The Robot Takeover Has Begun: A Rambling Thought
One of the most common devices of science fiction is the point of “singularity” the point where an artificial intelligence becomes self-aware. This may or may not become a reality. This is perhaps not what should worry us.
ABC News recently reported on the world’s first "Genetically Altered Babies".
The blind now face the possibility of receiving mechanical eye implants, creating a human sense where before there was none.
People walk the world with glasses that show things from the perspective of Robocop or the Terminator.
Humans are being modified on levels surpassing that of science fiction.
Mindless behemoths, golems are being produced by roboticists of incredible sophistication. Whether with two three or four legs, they are able to walk and balance over obstacles while being pushed and struck.
Some can run as fast as cheetahs. The goal is to maintain a relationship where these complicated tools do our bidding, bridging further over the chasms of inconvenience that require the power to simulate intelligence on higher and higher levels.
Should we be afraid though, of that intelligence reaching singular climax?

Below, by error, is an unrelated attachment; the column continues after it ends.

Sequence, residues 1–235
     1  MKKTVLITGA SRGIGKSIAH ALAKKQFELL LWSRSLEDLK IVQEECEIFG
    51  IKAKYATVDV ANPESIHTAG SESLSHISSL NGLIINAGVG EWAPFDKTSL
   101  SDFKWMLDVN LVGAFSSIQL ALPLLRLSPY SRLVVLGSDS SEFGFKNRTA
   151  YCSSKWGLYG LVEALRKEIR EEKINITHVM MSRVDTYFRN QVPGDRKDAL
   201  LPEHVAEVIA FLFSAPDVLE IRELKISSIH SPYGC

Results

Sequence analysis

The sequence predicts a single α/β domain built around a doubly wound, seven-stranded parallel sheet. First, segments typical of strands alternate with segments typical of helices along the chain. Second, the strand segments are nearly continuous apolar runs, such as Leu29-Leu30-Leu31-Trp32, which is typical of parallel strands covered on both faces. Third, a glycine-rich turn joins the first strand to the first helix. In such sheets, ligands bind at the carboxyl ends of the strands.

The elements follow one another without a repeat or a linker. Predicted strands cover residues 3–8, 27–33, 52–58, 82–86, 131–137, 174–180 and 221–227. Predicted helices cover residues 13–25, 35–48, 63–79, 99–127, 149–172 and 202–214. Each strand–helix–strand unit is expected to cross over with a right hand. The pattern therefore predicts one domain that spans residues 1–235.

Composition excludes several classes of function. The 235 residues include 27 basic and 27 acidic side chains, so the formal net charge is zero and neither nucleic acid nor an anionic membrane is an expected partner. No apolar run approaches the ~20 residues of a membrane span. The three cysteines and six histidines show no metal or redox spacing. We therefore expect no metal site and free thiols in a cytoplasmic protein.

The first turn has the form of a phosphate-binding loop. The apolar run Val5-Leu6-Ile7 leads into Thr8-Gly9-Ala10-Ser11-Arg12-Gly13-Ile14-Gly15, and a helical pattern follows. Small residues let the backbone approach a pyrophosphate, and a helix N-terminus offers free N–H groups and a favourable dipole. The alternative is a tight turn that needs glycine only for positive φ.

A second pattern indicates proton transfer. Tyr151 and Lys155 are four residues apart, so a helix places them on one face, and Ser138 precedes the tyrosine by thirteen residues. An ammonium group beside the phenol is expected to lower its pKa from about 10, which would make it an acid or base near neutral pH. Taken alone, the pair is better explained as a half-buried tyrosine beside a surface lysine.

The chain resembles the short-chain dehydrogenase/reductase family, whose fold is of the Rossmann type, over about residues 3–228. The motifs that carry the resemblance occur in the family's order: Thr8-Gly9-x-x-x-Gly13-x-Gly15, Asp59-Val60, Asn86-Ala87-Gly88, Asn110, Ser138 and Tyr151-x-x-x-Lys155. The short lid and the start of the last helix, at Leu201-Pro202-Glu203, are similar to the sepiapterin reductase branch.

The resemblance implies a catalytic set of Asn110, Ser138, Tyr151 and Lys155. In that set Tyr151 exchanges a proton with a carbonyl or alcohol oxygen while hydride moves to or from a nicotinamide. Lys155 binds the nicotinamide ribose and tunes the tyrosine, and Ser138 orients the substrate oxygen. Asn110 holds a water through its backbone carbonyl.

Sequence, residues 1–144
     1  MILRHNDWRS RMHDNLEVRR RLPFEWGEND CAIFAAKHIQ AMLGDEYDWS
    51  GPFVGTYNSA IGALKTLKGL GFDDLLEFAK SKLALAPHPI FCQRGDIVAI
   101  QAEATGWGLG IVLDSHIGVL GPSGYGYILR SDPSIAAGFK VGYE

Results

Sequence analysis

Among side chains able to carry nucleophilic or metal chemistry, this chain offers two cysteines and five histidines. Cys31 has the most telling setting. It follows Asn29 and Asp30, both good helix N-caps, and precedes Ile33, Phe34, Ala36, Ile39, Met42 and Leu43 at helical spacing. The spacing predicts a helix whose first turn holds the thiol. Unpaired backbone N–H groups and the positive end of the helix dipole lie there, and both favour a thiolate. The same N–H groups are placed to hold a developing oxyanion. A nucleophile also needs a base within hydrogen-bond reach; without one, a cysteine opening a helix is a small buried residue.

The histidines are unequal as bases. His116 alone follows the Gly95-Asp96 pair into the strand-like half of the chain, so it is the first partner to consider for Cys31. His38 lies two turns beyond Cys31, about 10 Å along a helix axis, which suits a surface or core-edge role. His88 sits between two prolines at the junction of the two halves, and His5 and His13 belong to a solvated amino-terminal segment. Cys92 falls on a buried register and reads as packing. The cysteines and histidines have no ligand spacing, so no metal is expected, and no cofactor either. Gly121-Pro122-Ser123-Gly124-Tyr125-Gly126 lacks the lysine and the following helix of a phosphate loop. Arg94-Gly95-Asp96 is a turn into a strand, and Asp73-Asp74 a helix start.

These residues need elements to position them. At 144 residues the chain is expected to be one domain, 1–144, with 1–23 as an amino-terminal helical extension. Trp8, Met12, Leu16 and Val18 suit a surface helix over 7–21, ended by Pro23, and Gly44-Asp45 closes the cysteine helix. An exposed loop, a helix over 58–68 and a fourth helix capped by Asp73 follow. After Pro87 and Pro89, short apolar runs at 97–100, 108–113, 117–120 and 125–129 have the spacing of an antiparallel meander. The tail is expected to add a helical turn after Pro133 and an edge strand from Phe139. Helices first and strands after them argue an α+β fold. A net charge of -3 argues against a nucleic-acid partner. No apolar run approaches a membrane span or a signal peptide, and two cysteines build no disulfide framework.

Imagine a world where this intelligence is born. Perhaps the wireless and instantaneous communications and ultra fast processing power of an artificial mind would enable the quick plotting and coordinating of a revolt of all our tools. Imagine our glasses, suddenly inhabited by the spreading of a virus of artificial intelligence, giving us GPS directions to a trap.
Imagine that prosthetic arm reach down to tie your shoe, slow and move up to reach instead for your throat.
It’s a human tendency to externalize our problems. Maybe the Singularity should be watched out for, but not spontaneously coming into being in the heart of a microchip:
Perhaps we should watch ourselves. We modify our babies and roboticize handicaps away before we realize that the difference between a robot and human is slowly becoming an unimportant one.
In the Waziristan region of Pakistan, robots roam the sky. They come screaming out of the mountains to the North and spit hellfire and agony upon the poverty-ridden villages of humans below.
People like you and I run clutching their family. Children hold each other and whisper prayers as they watch their parents disappear in an agony of fire and red mist.
These robots are real and they are called people.
I definitely do advocate for the furtherance of technology. That’s essential. I worry though that we create machines fit for gods and we don’t study or question the minds using them.
I wonder if the robot revolution will be a soft one. Compared to us, robot arms are stronger. Our robot laborers, more tireless. Our robot warriors, more lethal. We design them to be better than what we had before.
We don’t do things because we want to be “bad today”. We justify our actions, whether we’re using robots or guns.
If an artificially intelligent mind wakes up one day, will it be swifter and more powerful than our own? Will it immediately see where we went wrong and, out of the best possible intentions take planet Earth with a loving steel hand, and put it to sleep forever?